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|Written by Mike Cullen|
|Monday, 12 March 2012 00:00|
I'm often asked to recommend music (though it boggles my mind as to why since Rocking the Mike has been continuously published for nearly two and a half years -- read that for recommendations!), but occasionally I get a request for theme based music. A few years ago I made this epic break-up/get over you mix for a friend of a friend, and that was one of my most enjoyable musical experiences (and cathartic as that mix would get me through a break-up of my own shortly after that).
When thinking of the theme for this month's issue, I thought at first of release as a joyous thing, but, as I started to write a first draft for an article that has since been scrapped, I came to realize that release touched every part of the emotional spectrum, as well as every experience; it was joyous, it was angry, it was melancholy. Music is one of many tapestries that illustrates our existence. It was along with this realization that I clued into the fact that I have certain go-to songs for certain events/experience/emotions in my own life. Here are four, just as a sampling, and take these as "recommendations," if you will.
Ani DiFranco's "Gravel" -- The "Eff You, I'm Better Off Without You" Release
This is perhaps one of my most favorite songs of all time. Ani DiFranco has a frankness about her in her lyrics that I find so few are able to match. "Gravel" tells the tale of a former lover who comes back, and the mixed feelings that comes with it; we were with that person once upon a time for a reason, but there's an equally good reason why we're no longer with them. We've all been there; it's a horrible life lesson that everyone has to go through at least once in their life.
Despite the requirement that we all go through something like this, there's a magic moment in this song where DiFranco seemingly finds her nerve and, in a moment of pure defiance, not only gets the final say but also the last laugh: "And maybe you can keep me from ever being happy, but you're not going to stop me from having fun." It's that line that just perfectly encapsulates that "eff you" mentality and in a way that only DiFranco could truly achieve.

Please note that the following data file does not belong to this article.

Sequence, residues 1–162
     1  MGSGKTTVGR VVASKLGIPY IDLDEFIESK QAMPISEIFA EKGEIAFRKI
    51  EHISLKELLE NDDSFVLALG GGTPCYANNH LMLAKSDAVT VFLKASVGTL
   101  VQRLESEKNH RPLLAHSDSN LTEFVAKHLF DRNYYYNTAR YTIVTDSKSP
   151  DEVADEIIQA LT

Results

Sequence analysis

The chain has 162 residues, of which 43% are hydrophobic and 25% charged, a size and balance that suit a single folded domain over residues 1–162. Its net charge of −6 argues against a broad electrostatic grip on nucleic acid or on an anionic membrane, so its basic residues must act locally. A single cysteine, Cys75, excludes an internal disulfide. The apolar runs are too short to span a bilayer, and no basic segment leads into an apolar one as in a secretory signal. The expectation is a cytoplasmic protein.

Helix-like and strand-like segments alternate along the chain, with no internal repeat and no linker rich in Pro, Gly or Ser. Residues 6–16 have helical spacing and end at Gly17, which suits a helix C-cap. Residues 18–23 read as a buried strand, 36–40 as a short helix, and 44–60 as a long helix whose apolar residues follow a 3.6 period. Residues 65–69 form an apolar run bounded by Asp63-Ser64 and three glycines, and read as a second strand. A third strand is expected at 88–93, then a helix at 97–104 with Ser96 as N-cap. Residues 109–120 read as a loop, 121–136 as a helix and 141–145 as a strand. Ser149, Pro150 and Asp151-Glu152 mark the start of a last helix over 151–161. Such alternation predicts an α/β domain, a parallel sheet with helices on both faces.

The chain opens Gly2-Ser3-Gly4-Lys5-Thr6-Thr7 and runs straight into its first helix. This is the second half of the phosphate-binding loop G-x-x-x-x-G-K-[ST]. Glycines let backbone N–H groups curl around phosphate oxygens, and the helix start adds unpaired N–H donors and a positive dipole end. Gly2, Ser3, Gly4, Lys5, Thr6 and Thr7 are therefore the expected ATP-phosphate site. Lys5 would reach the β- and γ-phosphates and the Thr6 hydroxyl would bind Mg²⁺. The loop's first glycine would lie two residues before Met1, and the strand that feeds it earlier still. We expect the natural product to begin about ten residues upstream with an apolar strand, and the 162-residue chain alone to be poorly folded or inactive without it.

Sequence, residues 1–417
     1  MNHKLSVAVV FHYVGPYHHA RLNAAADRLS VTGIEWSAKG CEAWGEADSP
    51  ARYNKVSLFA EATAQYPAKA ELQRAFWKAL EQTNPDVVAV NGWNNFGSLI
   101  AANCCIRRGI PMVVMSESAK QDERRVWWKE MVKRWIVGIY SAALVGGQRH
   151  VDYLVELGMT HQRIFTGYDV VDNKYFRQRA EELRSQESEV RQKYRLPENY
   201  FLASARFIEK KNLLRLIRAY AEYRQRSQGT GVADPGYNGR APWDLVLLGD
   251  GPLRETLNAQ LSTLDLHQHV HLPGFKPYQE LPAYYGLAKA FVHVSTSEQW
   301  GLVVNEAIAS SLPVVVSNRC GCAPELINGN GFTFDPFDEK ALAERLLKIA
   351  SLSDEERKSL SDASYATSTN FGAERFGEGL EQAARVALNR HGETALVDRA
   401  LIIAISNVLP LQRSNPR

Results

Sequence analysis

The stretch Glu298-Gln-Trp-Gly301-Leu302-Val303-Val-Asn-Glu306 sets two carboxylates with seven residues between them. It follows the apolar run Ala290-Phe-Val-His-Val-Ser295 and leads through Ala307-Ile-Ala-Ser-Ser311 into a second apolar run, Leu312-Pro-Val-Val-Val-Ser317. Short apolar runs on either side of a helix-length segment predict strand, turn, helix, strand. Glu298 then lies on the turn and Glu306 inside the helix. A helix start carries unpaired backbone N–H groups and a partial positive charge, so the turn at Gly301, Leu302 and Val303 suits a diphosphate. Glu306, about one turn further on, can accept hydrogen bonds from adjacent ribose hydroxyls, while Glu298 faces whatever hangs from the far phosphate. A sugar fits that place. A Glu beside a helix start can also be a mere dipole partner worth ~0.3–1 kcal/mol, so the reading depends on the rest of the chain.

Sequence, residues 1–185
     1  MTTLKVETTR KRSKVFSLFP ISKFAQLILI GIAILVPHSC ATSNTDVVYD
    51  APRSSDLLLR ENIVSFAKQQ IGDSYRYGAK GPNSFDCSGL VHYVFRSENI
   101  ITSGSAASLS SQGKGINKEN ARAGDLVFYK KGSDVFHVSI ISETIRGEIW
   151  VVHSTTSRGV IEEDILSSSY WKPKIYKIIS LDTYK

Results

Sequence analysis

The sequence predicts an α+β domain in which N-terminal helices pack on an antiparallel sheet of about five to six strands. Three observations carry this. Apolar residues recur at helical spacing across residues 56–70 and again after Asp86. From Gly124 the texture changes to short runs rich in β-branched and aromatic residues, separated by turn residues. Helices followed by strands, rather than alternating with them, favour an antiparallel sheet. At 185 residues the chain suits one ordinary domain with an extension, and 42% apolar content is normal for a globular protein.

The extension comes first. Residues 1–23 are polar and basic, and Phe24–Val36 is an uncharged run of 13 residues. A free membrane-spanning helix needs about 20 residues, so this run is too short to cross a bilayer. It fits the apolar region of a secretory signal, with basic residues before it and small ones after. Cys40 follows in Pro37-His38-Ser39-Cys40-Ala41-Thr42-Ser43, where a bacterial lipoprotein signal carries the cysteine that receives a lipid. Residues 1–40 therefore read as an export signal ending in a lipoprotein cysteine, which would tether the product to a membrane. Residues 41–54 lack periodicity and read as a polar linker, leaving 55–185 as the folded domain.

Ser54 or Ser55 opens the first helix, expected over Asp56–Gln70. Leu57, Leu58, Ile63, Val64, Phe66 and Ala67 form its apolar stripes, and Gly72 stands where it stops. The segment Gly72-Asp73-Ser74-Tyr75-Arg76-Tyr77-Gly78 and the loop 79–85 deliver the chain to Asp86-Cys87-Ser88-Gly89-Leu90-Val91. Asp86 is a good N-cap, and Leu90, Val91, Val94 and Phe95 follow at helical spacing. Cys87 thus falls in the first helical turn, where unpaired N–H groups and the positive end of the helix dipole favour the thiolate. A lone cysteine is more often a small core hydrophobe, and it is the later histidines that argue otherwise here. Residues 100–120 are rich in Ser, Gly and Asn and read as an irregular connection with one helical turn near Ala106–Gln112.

Florence + The Machine's "Shake It Out" -- The "Get Over It" Release
When asked who or what is my favorite new musical artist of the last two to three years is, I automatically point to Florence + The Machine. Their debut Lungs was, simply put, brilliant, and they have gone two for two with the release of their sophomore album, Ceremonials, late last year. It's the lead single from that album, "Shake It Out," that deserves special mention.
Originally written as a song about substance abuse (the music video suggests that it's alcohol), it actually transcends that notion. With the line, "And it's hard to dance with a devil on your back, so shake him out," it becomes more than just that; it's about shrugging off the old, whether it be habits, regrets, or a person. This song was one of those that grabbed me from the first listen for just that ambiguity and would not let go.
Dixie Chicks' "I'm Not Ready to Make Nice" -- The "I'm Sticking to My Guns" Release
I'm not a fan of country music as a general rule, but the Dixie Chicks are a notable exception, and this song is one of their best and most infamous. Written in response to the backlash they received for their anti-Bush sentiments on tour (well, more Natalie Maines than Martie Maguire or Emily Robinson). In interviews the women have said that the song was also intended to have more of a universal message to it.
It's that duality within the song that makes it so fantastic. On the one hand, the song is about the Dixie Chicks and their own experiences, but it is also a call to those to stick to their guns and be true to their convictions. That universality enables to the Dixie Chicks' catharsis, while encouraging those in a similar situation (or any situation where one should stand by what they believe) to not back down just because there's a narrow-minded individual that doesn't agree with you.
Kylie Minogue's "Love at First Sight" -- The "Joyous" Release
This is the song that, no matter how bad my mood is, can put a smile on my face. It is the song that an ex-partner once put on in the middle of an argument (that they were losing) in an attempt to calm me down. It's the song that I will dance spastically to, and the song that ten years after its initial release still reigns supreme as my favorite Kylie Minogue song.
So why do I recommend it as the "Joyous" Release? It's the simplicity of the song, both lyrics and melody, the production values that give it a Daft Punk-lite feel and an overall sense that this is not only a happy song but so much more than that; it's a celebratory song of music, love, and life. It really does not get much better than that.
There you have it, four songs for four different emotions/experiences in my life. The experiences may evolve as I get older, and some of the songs may even change (though not likely "Love at First Sight"), but the constant will always be how I turn to music to express those experiences.
An Ottawa native, Mike is a public servant by day, and a self-professed music and comic book junkie the rest of the time. He also contributes to the Local Tourist Ottawa and his random music, comic book and culture musings can be read on /scribbles.
Tags: ani difranco, dance spasitcally, dixie chicks, eff you, florence and the machine, get over it, gravel, im not ready to make nice, i’m better off without you, joyous, kylie minogue, love at first sight, music, release, shake it out, sticking to my guns